WAGNER: Tristan und Isolde: Prelude and Liebestod; TCHAIKOVSKY: Symphony No. 6 in B Minor, Op. 74 “Pathetique” – Prague Radio Symphony Orchestra (Wagner)/ Czech Philharmonic Orchestra/ Vaclav Talich – Talich Special Edition 8 Supraphon

by | Feb 10, 2007 | Classical Reissue Reviews | 0 comments

WAGNER: Tristan und Isolde: Prelude and Liebestod; TCHAIKOVSKY: Symphony No. 6 in B Minor, Op. 74 “Pathetique” – Prague Radio Symphony Orchestra (Wagner)/ Czech Philharmonic Orchestra/ Vaclav Talich

Talich Special Edition 8 Supraphon SU 3828-2, 63:25 (Distrib. Qualiton) ****:

Vaclav Talich recorded the two excerpts from Tristan 9-11 April 1953 with the Prague Radio Symphony, an ensemble to which he had been appointed advisor earlier that year. Having vacated his post with the Slovak Philharmonic in Bratislava, Talich was glad of the opportunity to inscribe pieces with which he had toured Russian in 1922-1923. We have, much to our regret, no operatic work with Talich, none of his beloved stage dramas by Mozart, Smetana, Beethoven, Wagner, and Moussorgsky. The Tristan excerpt makes a special point of lingering over each phrase, stretching the musical line as sensuously as anything by Celibidache or Furtwaengler. The CPO brass warrant special mention for the high, smooth line they maintain behind the surging strings and woodwinds. A sheer tapestry of sound, inflamed, phantasmal, erupts, as though Talich knew this would be his only testament in this musical style. Isolde’s Love-Death rises out of weeping tremolandi and a swooping cello line. The momentum does not abate; Talich urges the amorous paroxysms upward, the harps and horns engulfed in a string cocoon worthy of Stokowski.

Talich recorded the Pathetique 8-11 July 1953, a performance of both energetic power and stylistic brilliance. Talich unabashedly championed Tchaikovsky’s music, and collectors still await a restoration of the Piano Concerto with Winifred Wolf. Without urging particularly slow, dragging tempos, Talich realizes a noble, dignified Adagio from the first movement, the inner lines distinctly clear, the horn and string line seamless. The ensuing Allegro, with its whiplash fate-motif, invokes a thunderous tympani part and string syncopations that verge of hallucinations. Here, Talich sounds more like Mengelberg in one of his furious moments. The transition, the graduated crescendo, rivals what Furtwaengler accomplished in 1938 Berlin and again in 1951 Egypt. Stunning intensity as we fall through the abyss to the recapitulation. Clarinet and tympani carry us to the lachrymose dirge that concludes this fitful fever.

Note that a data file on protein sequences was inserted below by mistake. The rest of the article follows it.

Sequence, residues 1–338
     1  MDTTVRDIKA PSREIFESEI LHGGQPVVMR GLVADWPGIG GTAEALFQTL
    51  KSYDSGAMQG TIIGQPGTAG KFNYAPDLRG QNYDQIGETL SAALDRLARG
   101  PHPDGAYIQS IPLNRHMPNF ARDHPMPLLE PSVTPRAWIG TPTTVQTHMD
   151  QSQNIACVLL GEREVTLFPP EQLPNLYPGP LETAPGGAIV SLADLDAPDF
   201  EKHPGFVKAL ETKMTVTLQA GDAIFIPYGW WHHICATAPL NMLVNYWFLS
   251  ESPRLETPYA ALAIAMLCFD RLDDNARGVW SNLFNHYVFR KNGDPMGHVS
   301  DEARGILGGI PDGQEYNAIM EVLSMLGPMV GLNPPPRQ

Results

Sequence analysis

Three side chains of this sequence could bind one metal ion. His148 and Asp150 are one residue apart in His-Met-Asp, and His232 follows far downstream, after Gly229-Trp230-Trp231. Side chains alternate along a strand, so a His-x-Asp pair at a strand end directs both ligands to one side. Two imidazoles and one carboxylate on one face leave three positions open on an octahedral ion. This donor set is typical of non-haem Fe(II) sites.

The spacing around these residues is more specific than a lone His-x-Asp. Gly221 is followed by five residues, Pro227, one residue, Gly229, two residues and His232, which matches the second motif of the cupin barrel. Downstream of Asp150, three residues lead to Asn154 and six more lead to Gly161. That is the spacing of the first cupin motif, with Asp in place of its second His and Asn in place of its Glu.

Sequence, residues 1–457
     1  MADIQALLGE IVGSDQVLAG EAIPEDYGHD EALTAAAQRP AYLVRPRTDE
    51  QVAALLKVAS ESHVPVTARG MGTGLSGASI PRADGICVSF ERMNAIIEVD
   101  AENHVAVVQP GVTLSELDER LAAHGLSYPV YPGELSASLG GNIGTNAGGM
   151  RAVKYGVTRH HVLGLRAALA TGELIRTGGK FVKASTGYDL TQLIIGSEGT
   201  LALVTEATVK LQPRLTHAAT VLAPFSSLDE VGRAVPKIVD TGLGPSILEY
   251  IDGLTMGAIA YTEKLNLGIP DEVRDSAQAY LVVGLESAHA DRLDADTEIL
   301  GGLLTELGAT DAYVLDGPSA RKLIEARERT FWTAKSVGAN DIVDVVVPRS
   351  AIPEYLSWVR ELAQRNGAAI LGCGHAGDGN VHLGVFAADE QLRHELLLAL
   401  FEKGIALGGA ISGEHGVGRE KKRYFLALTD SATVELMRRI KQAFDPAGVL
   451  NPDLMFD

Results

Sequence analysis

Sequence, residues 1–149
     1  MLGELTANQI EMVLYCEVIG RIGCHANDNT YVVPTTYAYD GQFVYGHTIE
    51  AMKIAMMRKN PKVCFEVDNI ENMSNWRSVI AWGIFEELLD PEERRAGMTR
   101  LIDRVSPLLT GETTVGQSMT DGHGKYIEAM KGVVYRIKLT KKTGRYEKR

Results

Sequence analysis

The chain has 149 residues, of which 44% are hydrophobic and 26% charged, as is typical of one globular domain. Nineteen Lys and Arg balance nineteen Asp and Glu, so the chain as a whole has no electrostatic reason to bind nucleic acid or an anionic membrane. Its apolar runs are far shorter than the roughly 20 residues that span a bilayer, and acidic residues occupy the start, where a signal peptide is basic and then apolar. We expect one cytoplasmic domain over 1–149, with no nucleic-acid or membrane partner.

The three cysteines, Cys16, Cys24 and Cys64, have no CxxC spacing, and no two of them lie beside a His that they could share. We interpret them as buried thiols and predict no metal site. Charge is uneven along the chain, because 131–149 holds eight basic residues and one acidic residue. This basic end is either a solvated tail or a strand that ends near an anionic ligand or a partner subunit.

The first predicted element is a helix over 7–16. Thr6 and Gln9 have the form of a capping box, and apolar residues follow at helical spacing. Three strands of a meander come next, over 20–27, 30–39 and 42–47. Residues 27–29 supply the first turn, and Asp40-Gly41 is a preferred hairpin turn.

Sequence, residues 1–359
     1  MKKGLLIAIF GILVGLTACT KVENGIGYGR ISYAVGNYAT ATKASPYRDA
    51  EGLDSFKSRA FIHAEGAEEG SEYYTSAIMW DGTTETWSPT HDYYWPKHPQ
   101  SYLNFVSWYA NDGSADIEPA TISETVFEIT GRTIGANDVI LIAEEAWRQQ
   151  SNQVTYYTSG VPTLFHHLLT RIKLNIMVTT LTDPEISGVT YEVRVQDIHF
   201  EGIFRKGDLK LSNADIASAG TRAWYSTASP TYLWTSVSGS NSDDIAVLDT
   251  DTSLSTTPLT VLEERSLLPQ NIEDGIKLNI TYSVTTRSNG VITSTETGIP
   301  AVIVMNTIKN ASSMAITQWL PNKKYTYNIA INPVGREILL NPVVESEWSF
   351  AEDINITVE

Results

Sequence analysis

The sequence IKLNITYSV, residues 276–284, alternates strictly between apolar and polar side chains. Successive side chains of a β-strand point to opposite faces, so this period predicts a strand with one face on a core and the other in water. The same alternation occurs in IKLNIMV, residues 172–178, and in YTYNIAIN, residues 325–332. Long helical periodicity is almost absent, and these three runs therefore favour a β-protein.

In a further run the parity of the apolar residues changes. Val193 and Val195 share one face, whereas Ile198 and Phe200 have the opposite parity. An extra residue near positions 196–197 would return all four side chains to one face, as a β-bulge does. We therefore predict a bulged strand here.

The 5/4 Allegro con grazia is all mellow sonority, piping winds, sweet strings, translucent pizzicati. Nutcracker sensibilities superimposed on horns of some heraldic power. The trio section becomes a dirge, a melancholy receptacle for broken dreams. More woodwind energy for the Allegro molto vivace, a scintillating Scherzo with militant ambitions, but perpetually struggling from inner harmonic tensions. Wonderful orchestral definition in the strings and horns, moving from staccato figures to arco, the winds piping out the main march theme. A ferocious tympani roll starts the ineluctable momentum anew, until we reach a tragically glorious peroration. The Dantesque plunge, de profundis, into the depths of personal night make this thrilling performance emblematic of Talich’s own hard fate at the hands of the Soviets after WW II. The enclosed booklet pictures of Talich with his friend and colleague Shostakovich say it better, though I spent a thousand words.

— Gary Lemco

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